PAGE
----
Primal Metrics & KPIs to Thrust E-Commerce Companies Upwards

E-commerce companies need a slightly different way to compute their success. A Key Performance Indicator (or KPI) is a quantifiable metric by which these companies can gauge the performance of their commercial enterprise. It helps monitor progression, digression or regression, and helps you understand where and when you need to make amends to reach your goal.

Depending on the type of company you run and the specific destination of that company, there are many many many KPIs and sub-KPIs you will need to employ. Like, increasing a percentage of sales by a certain time frame, increasing footfall and conversions, reducing drop-offs and the number of customer calls etc. However, in this blog we highlight a few important ones that are standard across the realm of e-commerce.

To begin with, here are two things you need to get started with:

  • Have a system in place to consolidate and analyse data which is needed to measure your KPI.
  • Set up your KPIs accurately and monitor them constantly.

Important KPIs:

  1. Website Footfall: All the people visiting your site

By understanding the traffic on your website you understand how many new people have visited, and the extra sales they delivered. Additionally, gauge the amount of time they spend with you. You also see patterns in where they drop off, and can analyse it for change. Include all viewers – direct, referral, social media, pay-per-click traffic and so on.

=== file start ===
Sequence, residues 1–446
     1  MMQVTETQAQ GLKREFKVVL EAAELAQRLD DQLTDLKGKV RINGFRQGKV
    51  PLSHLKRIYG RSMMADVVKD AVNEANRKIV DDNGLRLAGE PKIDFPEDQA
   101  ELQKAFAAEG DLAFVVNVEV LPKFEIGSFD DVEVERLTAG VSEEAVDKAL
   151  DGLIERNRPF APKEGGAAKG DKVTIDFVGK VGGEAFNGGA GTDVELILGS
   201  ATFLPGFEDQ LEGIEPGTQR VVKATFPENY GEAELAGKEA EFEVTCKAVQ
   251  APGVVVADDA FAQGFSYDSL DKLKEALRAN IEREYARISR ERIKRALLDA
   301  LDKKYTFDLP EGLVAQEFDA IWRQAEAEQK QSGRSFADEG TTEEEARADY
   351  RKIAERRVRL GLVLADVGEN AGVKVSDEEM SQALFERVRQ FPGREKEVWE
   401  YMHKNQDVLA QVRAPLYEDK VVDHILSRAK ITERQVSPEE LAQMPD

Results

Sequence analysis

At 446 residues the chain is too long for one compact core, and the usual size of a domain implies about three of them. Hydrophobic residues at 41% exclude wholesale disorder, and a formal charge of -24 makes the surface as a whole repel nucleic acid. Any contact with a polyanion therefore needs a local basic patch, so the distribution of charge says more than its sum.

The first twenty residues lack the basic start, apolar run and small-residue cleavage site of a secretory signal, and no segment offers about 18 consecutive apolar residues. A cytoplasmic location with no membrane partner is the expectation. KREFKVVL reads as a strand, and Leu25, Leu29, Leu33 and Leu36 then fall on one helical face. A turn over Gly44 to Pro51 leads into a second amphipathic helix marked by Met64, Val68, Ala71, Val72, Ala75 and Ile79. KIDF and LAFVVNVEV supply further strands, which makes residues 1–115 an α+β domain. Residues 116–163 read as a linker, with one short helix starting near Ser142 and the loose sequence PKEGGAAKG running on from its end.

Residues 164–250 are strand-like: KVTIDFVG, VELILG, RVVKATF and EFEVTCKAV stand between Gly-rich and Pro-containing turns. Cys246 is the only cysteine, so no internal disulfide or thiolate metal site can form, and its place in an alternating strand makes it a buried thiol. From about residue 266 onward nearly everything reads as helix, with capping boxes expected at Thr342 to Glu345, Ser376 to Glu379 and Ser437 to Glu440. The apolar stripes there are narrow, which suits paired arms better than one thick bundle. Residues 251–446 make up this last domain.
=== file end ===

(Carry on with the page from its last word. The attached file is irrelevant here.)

1. Conversion Rate: The percentage of visitors becoming buyers

You can calculate this by dividing the number of buyers by the number of visitors. For instance, say 30 people purchased products out of a 1000 who visited during a particular period. So 30/1000 multiplied by 100 gives you 3%. It’s important to have a good conversion rate. At the end of the day this translates as sales per effort!

  1. Repeat Customer Rate: People who come back to shop with you

This is the percentage of loyalty and love (if you will). You can gauge this percentage by dividing the number of returnees by the number of newbies in a given time frame. This number must look good because it is your lifebuoy and anchor and the wind in your sales.

  1. Average Order Value: How much patrons spend on average

Simple maths: total order value divided by the number of orders. If this is low it means you aren’t making much of a return per customer. And vice versa.

  1. Customer Lifetime Value: Your relationship with your patron

This is a spin-off from repeat customer rate. It is how much value a person is to your business for the entire duration of their association with your company. Using the current monetary value they offer as the premise, you can project the profitability of the relationship.

  1. Customer Services Requirement: An expedient or a crutch?

Evaluate how many customer service calls, e-mails or chats are being done or are in progress. On the one hand you need to provide excellent customer services and have a good average resolution time. But on the other hand your customers shouldn’t be faced with so many difficulties that they swamp your customer servicing people.

Study the performance of your company à Make decisions based on those analyses à Use KPIs to execute your purpose à Enjoy better results.

vajro

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